construction expenses, and the replacement of appliances lost or
damaged. Securing assistance specifically for students has been
remarkable. In addition to acquiring donations, there is an
enormous amount of outreach, organization, and preparation to
ensure that students and their families have access to these
resources. Donations have included:
Over 100 graphing calculators donated from companies and
Fee waivers for SAT registration and college application
Shoes, clothing, toiletries, cleaning products, food and other
items from corporations such as Nike, Levi’s, NY Knicks, NY Mets,
Z100, Fruit of the Loom, ShopRite, Costco, and Kmart.
In collaboration with PENCIL, over 100 $25 gift cards to various
stores distributed around the winter holidays; from Applebees
restaurants they received 250 $25 gift cards.
On-line courses for displaced students, provided by the iLearn
$5,000 of assistance for senior trips and dues for
Funding for school licenses of SAT Prep and Regents Prep.
Shoes and accessories were secured for the “Prom Expo” hosted
by NDHS. This event was open to all students impacted by Hurricane
Sandy throughout NY, NJ, and CT. Gowns and dresses were donated for
Prom, Junior Prom, Sweet Sixteen’s or graduation.
In the face of great adversity, New Dorp High School staff and
students came together to be one of the leading relief efforts on
Staten Island. The rebuilding has only just begun, but the staff
and students of are dedicated to coming back “stronger than
Notre Dame Academy
Nominee: Theresa Spear ’96GEd, Dean of Students
here to view booklet
Port Richmond High School
Nominees: Kerry Spillane, English Teacher
Jennifer Hansen, Educational Paraprofessional
In the days immediately following Hurricane Sandy, as Staten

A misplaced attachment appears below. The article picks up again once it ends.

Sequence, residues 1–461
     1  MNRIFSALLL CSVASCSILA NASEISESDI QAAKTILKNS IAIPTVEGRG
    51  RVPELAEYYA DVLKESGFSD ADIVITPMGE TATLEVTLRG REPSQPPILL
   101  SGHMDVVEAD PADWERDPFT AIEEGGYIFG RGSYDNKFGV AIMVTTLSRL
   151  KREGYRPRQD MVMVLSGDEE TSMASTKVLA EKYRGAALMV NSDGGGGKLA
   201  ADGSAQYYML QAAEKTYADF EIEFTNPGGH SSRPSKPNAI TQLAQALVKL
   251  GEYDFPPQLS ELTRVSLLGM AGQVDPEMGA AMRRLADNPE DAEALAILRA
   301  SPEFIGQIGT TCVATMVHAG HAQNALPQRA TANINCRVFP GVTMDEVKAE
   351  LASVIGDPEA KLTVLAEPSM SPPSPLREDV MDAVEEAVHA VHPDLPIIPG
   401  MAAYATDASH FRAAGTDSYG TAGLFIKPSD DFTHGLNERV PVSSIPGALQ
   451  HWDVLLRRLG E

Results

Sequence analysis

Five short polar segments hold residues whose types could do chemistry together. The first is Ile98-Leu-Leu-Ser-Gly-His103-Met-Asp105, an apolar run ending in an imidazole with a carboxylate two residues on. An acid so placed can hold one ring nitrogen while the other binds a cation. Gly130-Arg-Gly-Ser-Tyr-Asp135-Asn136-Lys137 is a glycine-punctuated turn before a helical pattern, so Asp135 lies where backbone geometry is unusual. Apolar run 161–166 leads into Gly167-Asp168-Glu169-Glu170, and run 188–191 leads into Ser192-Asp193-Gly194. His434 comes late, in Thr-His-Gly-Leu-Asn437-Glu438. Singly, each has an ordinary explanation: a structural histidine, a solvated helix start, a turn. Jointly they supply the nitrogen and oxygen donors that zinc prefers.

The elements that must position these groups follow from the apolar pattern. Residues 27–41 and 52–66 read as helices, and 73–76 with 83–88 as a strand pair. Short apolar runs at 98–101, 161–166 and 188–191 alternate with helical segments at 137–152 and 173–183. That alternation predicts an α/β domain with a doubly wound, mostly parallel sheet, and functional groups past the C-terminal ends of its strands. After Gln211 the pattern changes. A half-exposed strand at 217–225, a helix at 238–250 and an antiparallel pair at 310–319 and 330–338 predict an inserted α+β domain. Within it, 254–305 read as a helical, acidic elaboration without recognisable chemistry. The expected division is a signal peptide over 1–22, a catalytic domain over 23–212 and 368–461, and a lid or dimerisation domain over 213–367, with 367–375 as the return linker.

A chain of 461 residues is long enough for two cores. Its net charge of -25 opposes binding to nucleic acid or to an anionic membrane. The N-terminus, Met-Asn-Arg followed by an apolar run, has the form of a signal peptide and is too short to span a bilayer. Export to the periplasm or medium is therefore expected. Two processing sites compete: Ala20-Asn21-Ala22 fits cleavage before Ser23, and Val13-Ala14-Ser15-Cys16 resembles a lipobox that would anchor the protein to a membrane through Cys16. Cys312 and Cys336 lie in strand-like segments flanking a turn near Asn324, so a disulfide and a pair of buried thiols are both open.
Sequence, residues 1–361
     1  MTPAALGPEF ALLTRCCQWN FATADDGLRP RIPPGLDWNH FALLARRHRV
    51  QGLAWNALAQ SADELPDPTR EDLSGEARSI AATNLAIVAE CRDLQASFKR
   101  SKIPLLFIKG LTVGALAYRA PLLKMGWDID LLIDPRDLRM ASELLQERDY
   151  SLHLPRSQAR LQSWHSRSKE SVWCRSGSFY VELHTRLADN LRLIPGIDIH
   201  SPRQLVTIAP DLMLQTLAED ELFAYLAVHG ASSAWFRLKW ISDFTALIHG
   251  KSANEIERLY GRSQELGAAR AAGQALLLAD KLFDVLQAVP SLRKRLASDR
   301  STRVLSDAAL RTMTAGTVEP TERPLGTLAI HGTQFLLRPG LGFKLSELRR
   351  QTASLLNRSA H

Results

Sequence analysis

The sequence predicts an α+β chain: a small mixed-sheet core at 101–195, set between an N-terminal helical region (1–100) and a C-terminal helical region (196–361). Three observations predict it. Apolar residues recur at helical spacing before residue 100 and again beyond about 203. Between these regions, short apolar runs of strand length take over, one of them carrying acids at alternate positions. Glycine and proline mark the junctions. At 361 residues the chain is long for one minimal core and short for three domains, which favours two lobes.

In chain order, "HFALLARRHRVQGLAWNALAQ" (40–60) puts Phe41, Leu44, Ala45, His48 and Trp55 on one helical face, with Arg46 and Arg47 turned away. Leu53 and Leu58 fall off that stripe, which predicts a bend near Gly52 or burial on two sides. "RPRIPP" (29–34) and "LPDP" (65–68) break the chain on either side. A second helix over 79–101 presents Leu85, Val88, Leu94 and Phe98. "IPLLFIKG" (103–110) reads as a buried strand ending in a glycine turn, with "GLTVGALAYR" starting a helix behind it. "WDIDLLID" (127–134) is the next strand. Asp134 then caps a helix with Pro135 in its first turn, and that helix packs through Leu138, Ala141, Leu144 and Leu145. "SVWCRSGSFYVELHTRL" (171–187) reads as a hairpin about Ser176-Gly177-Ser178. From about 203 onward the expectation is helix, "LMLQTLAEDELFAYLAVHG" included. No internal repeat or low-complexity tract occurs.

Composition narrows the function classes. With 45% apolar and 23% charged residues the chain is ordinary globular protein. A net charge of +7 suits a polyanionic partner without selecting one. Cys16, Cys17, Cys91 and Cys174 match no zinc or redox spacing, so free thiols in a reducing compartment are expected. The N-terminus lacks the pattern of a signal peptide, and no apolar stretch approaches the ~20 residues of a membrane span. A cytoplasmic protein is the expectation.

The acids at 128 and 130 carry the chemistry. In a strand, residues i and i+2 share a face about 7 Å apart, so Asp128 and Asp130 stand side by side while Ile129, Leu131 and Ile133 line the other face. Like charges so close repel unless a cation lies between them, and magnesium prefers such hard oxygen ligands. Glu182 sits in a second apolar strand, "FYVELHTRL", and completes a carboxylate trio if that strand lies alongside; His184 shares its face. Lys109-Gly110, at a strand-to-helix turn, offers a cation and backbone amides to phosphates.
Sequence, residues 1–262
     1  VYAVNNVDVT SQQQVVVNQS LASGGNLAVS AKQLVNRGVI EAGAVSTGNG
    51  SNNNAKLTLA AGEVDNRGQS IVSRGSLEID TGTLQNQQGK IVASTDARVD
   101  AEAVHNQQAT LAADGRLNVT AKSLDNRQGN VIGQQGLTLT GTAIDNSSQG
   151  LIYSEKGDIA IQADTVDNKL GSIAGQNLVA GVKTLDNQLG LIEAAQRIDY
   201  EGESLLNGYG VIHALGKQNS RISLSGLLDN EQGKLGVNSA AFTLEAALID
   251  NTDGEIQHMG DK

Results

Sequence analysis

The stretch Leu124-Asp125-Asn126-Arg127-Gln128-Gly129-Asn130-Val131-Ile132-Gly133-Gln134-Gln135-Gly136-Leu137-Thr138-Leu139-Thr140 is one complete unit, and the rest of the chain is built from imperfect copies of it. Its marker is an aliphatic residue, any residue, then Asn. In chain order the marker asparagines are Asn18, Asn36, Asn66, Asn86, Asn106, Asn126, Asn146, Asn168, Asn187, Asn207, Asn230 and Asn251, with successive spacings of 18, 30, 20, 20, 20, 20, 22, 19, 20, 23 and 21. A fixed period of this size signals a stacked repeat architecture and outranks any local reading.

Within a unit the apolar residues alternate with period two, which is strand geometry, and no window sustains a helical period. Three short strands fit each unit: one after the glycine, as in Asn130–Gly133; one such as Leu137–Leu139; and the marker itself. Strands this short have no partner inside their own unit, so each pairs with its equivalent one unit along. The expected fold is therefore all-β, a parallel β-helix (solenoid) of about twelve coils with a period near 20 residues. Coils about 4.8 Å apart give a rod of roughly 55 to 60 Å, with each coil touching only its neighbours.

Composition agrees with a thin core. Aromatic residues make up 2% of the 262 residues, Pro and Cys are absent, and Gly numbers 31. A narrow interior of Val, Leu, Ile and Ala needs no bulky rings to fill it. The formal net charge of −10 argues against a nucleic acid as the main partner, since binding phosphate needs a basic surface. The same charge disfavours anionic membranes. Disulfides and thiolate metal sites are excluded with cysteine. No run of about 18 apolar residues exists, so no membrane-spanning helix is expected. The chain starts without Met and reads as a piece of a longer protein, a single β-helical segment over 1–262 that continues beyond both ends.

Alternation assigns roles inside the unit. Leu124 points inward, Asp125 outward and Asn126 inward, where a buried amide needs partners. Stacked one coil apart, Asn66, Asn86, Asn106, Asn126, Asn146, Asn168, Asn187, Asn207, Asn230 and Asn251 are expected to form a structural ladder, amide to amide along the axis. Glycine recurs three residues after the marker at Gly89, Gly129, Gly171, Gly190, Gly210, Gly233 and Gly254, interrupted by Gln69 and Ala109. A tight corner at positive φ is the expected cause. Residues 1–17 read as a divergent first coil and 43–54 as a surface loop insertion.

Island news reports began to share the tragic stories of our fellow
Islanders, members of the Port Richmond High School staff began to
reach out to Principal Timothy M. Gannon about the school’s
response to the storm’s tragic aftermath. Staff members began to
phone, text, and e-mail the Principal and Assistant Principals
calling for a plan to help
parents, students, staff members and neighbors impacted by the
storm. Groups of staff, unaware of what their colleagues were
doing, began to work independently to collect resources, not only
from other members of the school community, but from alumni as
On Friday, November 2, 2012, when the school staff reported back
to school, it became immediately apparent to members of the
administration that there was a great sense of urgency and energy
to go further into the community to help our neighbors in need. Two
staff members in particular, Kerry Spillane, and Jennifer Hansen,
took it upon themselves to organize Staten Islanders who wanted to
support the rebuilding process for the storm’s victims. Unaware of
what the other was doing, each began to identify resources in the
community that would be available to help storm victims, especially
those victims who were members of the Port Richmond High School
family. Working with elected officials, the Red Cross, and other
recovery agencies, these two ladies immediately began setting up
hurricane recovery centers and supply centers in the impacted
When the Port Richmond High School staff returned on Friday,
Kerry Spillane and Jennifer Hansen were ready to direct them in
ways that each person could provide assistance and support to those
in need. Upon learning that, the Principal decided to deploy staff
members on Election Day to impacted zones in New Jersey, Brooklyn
and Staten Island. These two ladies immediately began to organize
staff members into teams which could help Port Richmond High School
families and other Staten Island families in the clean-up effort.
On Election Day and in the days to follow, teams of Raiders shared
their school pride, energy and caring attitude with countless
victims. In a revealing moment of how educators become role models
for high school students, a group of forty students joined the
effort the following weekend when they heard of the impact the
faculty had had in the impacted zone. Students and staff worked
together to distribute resources, cook meals for victims, and
provide a helping hand and a caring heart at a
most tragic time in the lives of so many people.
Like so many schools on Staten Island, Port Richmond High School
demonstrated the strength of teamwork and the “can do” attitude
when it comes to helping those most in need. Port Richmond High
School is proud to be part of the Staten Island community, a
community that is clearly defined by caring people who come
together in times of tragedy to overcome any challenge that
Ralph R. McKee Career and Technical
Education High School
Nominee: Kristin Kenavan, Teacher
There are countless stories of the efforts of the Ralph R. McKee